and Ronit Yarosky ( RYarosky@sympatico.ca ), two Montreal women working together to bridge gaps, mainly though dialogue, between Palestinians and Jews.
     "We are having people breaking matzoh together - and hoping for mutual liberation and freedom," said Yarosky, a Canadian and Israeli citizen who served in the Israeli army in the late 1980s, during the first intifada, or uprising, among Palestinians against Israel. "One nation can't truly be free when it is keeping another not free."
     Sefian, a Palestinian born in Lebanon, condemned, "in my name personally, and in the name of other Arab people, any attack on any community."
     She was referring, she said, to Monday's firebombing of the library in the United Talmud Torahs school in St. Laurent, as well as the recent toppling of Jewish headstones and spray-painting of swastikas on Toronto synagogues.
     "These are hate crimes. They are counterproductive. I think an attack on any community is an attack on us all. Today it is them; tomorrow it could be us."
     Sefian said she had considered herself an activist for the Palestinian cause - until the second intifada began in 2000. "As a pacifist, I don't like any violence, any kind of demonizing of the other. That's what brought me to work with my Jewish counterparts.
     "For me, any human being who is being killed is a human being, whether Israeli or Palestinian, terrorist or soldier. It is a loss."
     She and Yarosky belong to groups that promote dialogue between Arabs and Jews in a bid to end the violence.
     "We feel this is the future," Sefian said.
     "These are tiny steps we take, but they are gathering together. I think it helps a lot: I think it builds an understanding."
     Each acknowledges she has not chosen an easy route -- and that there are those in her community who see what she is doing as "sitting with the enemy."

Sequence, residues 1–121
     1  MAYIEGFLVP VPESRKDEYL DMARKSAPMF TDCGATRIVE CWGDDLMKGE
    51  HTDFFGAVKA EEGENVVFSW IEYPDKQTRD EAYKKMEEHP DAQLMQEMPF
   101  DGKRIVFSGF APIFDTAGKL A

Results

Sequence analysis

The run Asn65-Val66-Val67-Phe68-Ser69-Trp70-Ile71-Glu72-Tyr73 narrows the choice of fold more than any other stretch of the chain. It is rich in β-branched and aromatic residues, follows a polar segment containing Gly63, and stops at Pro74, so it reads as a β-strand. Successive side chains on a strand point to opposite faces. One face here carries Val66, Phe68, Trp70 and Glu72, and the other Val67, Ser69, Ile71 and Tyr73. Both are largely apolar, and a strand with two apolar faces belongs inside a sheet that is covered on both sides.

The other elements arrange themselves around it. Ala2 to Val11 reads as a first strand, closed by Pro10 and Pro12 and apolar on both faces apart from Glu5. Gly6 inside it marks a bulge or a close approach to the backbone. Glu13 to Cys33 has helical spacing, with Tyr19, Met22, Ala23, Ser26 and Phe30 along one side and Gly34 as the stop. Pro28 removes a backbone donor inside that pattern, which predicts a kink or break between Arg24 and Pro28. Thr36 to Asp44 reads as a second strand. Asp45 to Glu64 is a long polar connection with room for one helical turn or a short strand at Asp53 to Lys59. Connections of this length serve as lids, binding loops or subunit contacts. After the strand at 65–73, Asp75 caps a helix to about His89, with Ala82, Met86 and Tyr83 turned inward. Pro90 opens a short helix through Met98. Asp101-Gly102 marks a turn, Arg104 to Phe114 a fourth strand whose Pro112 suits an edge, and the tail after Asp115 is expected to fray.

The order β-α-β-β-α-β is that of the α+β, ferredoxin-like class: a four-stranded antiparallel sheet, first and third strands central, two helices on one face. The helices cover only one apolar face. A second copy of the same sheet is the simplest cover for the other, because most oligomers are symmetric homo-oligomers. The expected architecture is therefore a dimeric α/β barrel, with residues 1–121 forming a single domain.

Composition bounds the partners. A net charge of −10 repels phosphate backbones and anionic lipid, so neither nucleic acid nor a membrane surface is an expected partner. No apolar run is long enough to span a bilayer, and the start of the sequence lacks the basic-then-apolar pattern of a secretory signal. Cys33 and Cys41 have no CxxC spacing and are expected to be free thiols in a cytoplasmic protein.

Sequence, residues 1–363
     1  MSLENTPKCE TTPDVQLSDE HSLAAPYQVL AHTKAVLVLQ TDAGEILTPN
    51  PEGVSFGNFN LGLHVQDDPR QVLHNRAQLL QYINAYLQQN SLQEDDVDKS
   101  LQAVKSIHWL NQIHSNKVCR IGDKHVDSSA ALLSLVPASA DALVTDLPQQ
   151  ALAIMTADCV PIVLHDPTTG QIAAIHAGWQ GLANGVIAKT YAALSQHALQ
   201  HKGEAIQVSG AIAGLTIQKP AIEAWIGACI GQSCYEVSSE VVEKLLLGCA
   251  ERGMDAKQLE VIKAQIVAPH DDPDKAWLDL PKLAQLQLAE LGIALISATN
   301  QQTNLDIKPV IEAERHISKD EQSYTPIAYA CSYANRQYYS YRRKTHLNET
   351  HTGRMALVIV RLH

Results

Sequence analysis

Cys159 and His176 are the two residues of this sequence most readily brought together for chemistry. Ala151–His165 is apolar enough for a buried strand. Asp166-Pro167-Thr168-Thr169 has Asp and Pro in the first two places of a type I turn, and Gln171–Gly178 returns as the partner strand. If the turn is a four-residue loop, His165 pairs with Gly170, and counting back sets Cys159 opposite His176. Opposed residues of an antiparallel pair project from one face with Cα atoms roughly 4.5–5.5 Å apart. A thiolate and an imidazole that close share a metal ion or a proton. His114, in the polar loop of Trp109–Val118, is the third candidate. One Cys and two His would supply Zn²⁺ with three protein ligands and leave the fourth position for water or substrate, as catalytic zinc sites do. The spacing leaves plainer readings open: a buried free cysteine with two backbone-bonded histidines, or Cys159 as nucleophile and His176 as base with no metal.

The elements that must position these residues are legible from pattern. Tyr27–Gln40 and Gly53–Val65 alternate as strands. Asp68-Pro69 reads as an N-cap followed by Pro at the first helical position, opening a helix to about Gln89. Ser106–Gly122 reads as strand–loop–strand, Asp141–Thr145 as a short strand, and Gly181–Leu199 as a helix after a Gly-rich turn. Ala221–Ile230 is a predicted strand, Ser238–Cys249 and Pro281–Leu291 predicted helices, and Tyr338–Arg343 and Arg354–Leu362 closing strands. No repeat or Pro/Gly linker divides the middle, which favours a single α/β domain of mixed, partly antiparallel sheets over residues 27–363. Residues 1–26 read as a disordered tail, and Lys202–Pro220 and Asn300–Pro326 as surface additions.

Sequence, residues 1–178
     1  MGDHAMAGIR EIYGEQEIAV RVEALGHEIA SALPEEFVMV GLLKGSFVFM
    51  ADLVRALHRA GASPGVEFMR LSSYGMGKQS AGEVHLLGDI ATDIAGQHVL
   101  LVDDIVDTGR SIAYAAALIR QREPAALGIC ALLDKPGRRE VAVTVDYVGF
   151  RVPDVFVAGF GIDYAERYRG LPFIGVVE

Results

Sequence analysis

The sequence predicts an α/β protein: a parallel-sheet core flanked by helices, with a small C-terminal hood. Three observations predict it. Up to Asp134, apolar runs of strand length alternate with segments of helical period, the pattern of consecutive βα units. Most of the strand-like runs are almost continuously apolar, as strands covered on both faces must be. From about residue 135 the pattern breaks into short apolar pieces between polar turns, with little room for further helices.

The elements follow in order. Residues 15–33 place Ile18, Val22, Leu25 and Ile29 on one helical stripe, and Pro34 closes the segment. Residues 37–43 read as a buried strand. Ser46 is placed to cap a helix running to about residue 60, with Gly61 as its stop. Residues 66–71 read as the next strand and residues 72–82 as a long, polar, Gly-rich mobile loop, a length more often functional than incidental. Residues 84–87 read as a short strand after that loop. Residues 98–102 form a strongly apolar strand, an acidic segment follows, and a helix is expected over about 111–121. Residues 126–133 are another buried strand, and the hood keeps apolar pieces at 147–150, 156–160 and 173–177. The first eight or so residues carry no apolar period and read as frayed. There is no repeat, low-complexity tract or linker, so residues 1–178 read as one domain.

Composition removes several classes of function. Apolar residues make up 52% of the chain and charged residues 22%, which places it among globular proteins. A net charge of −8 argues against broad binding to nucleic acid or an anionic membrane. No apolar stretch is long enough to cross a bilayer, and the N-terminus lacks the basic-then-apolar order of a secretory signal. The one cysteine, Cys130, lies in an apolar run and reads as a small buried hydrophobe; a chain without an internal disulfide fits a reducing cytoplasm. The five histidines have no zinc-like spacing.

Yet both count themselves among "concerned citizens who feel people need to sit down and listen," Yarosky said.
"Occupying a people and torching schools are both bad things.
     "While so much of the world is at each other's throats, there are people who want to make a true connection with the 'other.' That is the point of involving everyone, so that we can all look inward and examine what it means to be free, what it means to be oppressed - and what it means to be the oppressor."
    Last night's seder began with a dedication to "the vision of a transformed Middle East: a free and prosperous Palestine alongside a secure and prosperous Israel."
     Guests took turns reading from a text Yarosky had assembled from various sources, including elements from the Haggadah used during the traditional seder, held the first and second nights of Passover. The Haggadah, for instance, features a recitation of 10 plagues brought upon the Egyptians for refusing to allow the Israelites to leave, including frogs and darkness. Ten contemporary plagues were added last night, including tyranny and indifference to human suffering.
     Ceremonial foods were passed, including horseradish for the bitterness of persecution, and matzoh. But in a reading that is not part of the traditional seder, a piece of matzoh was broken in two and then passed "because the bread of affliction becomes the bread of freedom - when we share it."
     Entirely appropriate for an alternative seder, last night's included some new symbols: an orange to represent women - and olives for peace.

Reporter Susan Schwartz receives e-mail at sschwartz@thegazette.canwest.com .